Federal court upholds feeding assistant regs

Share this article:

Medicaid rules allowing paid feeding assistants to help certain residents do not violate a law designed to improve care in nursing homes, a federal appeals court has ruled.

The feeding assistant regulations established by the Centers for Medicare & Medicaid Services meet OBRA '87 requirements, according to a ruling handed down Friday by the U.S. Court of Appeals for the Ninth Circuit. The justices ruled that such use of feeding aides would free nursing aides to spend more time on specialized tasks requiring higher-acuity care.

Two consumer groups opposed the rule, claiming it gave feeding aides more responsibility than they might be able to handle. Nurse aides, who receive more training than feeding aides, previously performed the duties. The Resident Councils of Washington and the Washington State Long-Term Care Ombudsman Program filed the suit against the Department of Health and Human Services.
Share this article:

More in News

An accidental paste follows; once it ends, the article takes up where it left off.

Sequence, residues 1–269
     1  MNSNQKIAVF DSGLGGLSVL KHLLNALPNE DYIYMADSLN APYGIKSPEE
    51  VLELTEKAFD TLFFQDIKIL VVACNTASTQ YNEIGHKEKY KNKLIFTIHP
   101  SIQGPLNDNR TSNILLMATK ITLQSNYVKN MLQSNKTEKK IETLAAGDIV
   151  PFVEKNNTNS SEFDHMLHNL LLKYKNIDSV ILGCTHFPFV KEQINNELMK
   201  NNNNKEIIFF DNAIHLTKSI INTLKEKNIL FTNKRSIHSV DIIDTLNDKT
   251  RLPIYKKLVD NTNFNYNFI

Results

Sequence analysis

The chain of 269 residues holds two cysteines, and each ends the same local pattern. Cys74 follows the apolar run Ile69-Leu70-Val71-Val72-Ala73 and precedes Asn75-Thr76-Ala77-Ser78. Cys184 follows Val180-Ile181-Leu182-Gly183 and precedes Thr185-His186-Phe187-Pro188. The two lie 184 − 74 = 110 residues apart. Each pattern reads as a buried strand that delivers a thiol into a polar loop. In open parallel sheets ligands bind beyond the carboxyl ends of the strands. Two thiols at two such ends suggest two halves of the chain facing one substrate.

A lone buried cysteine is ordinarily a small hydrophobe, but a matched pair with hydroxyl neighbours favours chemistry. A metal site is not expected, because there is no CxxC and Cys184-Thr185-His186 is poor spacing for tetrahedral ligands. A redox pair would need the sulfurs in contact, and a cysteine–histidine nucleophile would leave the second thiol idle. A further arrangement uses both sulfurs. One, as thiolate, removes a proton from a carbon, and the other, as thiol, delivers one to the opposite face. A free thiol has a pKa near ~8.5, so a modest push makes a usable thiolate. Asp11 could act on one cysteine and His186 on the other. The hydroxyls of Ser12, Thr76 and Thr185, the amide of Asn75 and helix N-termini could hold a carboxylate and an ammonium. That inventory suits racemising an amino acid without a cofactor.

Also in the news for Oct. 24, 2014 . . .

CMS launches $840 million initiative to encourage clinician collaboration ... Americans distrust medical professionals, Harvard researchers find ... Future uncertain for NYC nursing home dedicated to AIDS care

A small team of workers responds best in emergencies, expert says

A small team of workers responds best in ...

Long-term care providers should consider a "flat" crisis management approach that relies on a core group of staff members, experts advised Wednesday at the LeadingAge annual conference.

Nursing homes have better pain and catheter management if leaders have more ...

Nursing homes led by administrators and directors of nursing with higher levels of education and certification have better outcomes on some key quality measures, according to recently published findings.